Special Earthquake Report No: 00-012

Regional Location:

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Moment Magnitude:

Greenwich Mean Date:
Greenwich Mean Time:
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Analysis Quality (A-D):


ML 4.6 (NCSN)

Mw 4.4 (U.C. Berkeley)

23:39:14 (3:39 p.m. local time)
18.7 km (11.6 mi.)

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(Burney, CA M4.6 & M4.3)





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BURNEY, CALIFORNIA, December 23, 2000 (Seismo-Watch) -- Two moderate earthquakes registering M4.6 and M4.3 occurred in the late afternoon and evening hours of December 20, 2000 in a remote region of northeastern California near Burney. They were the largest events of a brief, but vigorous earthquake swarm which began earlier in the week.
The activity was centered about 46 mi. north-northeast of Redding, about 8 mi. north of Burney and about 2 miles west of Four Corners in upper Long Valley (See Maps).
It essentially began with a M3.2 event on December 15, but it broke into a rapid clip the afternoon of December 20 See a list of events. At 2:56 p.m. and 2:59 p.m., two jolts measuring M3.8 which were locally felt jump started the sequence. They were followed by a few M1's and M2's, and at 3:23 p.m., a M4.3 earthquake shook the region. It was followed by a few more tremors, one of which registered M3.1, but at 3:39 p.m., the largest quake in the sequence occurred, a M4.6 (Mw 4.4) temblor.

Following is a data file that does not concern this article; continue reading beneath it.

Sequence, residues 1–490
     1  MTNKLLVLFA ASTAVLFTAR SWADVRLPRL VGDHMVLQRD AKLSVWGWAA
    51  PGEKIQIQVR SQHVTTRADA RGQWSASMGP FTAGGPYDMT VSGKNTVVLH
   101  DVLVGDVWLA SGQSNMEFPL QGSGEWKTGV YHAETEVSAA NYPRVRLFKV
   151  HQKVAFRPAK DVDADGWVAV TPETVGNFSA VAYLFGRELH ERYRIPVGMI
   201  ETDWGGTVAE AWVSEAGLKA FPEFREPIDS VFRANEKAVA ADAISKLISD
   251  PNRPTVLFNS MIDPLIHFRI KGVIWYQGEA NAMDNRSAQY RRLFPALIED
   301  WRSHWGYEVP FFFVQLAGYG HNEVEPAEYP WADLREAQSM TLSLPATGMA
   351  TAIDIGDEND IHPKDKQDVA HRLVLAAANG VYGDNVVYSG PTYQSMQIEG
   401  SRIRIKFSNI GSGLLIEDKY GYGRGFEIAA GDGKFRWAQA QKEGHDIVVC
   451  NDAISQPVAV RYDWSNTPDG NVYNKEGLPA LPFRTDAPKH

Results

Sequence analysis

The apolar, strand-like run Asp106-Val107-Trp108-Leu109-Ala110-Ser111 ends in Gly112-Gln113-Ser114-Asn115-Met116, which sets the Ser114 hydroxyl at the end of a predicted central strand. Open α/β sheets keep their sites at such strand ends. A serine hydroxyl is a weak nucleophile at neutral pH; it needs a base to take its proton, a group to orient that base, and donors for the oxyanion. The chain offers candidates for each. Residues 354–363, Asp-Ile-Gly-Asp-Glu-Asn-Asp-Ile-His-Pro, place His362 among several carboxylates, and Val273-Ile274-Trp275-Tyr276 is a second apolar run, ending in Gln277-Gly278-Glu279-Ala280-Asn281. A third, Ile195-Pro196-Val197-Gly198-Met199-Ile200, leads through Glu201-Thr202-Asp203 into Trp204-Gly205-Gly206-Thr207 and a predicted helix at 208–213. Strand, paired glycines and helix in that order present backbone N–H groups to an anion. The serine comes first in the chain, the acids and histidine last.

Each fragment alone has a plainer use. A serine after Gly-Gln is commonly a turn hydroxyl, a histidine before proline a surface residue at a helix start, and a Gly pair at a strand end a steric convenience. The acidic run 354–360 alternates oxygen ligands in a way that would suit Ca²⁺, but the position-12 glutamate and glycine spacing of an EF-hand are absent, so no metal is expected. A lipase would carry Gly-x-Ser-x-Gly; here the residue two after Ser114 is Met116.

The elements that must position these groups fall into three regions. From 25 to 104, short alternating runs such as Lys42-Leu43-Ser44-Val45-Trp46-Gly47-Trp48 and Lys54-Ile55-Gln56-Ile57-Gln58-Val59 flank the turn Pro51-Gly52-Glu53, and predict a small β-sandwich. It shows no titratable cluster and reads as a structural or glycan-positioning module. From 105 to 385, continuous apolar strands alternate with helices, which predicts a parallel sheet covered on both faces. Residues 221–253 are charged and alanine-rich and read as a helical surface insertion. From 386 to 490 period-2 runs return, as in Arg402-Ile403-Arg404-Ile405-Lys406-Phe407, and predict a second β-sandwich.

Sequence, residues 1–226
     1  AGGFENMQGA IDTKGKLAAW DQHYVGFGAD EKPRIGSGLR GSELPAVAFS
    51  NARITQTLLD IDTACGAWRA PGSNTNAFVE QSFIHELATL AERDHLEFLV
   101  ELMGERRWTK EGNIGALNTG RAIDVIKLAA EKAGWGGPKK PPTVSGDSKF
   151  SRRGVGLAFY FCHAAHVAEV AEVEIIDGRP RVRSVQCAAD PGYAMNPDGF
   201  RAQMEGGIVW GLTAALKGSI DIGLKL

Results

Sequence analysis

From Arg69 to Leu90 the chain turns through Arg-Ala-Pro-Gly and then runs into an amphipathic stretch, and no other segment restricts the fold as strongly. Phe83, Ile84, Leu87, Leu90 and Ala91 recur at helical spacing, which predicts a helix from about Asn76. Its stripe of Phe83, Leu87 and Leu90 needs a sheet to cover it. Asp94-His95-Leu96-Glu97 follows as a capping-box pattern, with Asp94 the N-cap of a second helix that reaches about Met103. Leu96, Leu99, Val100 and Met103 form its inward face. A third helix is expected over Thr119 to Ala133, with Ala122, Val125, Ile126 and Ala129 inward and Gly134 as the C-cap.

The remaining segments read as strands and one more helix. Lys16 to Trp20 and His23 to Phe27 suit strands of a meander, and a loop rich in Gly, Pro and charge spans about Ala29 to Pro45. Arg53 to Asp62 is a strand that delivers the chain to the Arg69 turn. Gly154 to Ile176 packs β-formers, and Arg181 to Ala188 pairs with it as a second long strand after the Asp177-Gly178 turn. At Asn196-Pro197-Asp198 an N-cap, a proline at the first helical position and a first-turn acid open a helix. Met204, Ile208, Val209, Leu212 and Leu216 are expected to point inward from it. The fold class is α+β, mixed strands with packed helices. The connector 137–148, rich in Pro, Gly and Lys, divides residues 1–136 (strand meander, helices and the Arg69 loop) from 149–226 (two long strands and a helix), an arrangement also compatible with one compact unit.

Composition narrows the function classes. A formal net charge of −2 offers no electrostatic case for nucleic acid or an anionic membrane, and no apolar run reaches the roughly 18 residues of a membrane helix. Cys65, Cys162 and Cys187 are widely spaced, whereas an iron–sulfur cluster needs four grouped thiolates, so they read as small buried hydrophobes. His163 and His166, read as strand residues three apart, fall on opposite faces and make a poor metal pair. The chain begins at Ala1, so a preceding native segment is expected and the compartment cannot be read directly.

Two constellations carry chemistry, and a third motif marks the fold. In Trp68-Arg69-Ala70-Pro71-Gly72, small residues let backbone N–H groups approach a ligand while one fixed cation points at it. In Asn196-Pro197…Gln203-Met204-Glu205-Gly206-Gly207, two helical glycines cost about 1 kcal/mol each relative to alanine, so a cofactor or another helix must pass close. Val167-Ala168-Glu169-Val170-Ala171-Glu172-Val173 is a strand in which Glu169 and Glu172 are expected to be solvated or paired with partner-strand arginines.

The sequence raced on at a clip of 20 eq/hr for that first hour, then declined to about 2-5 eq/hr up till about 10:30 p.m. that night when it suddenly stopped. A few quakes have been recorded in the subsequent days, all in the mid M2 range, but no more swarm activity has been recorded. In all, at least 39 events have been recorded in the swarm thus far (to December 23), with a total of eight registering M3.0 or stronger, including the pair of M4's. See a list of events.
Focal depths for the action range from 5-19 km deep and are not well constrained because of the poor network resolution in the area (i.e.; don't put a lot of credit in the depths at this early stage of data processing). The type of fault motion was predominantly normal-slip (down and away) with a minor oblique component. See fault plane solutions by UCBSL. This agrees well with the general seismotectonic conditions of the region.
Earthquake Effects.
Shaking from the larger events was felt over a wide region of Northeastern California, from Redding and Weaverville to Susanville and Chico. One report from Eureka is skeptical.
Local residents reported items were tossed from tables and shelves, some hair-line cracks occurred in walls, and cabinet doors were shaken opened, spilling a few things. Some pictures fell from walls, hanging plants swung, house pets ranch animals were spooked, and some people were frightened. A few reports indicated a roar before the shaking, which caught their attention.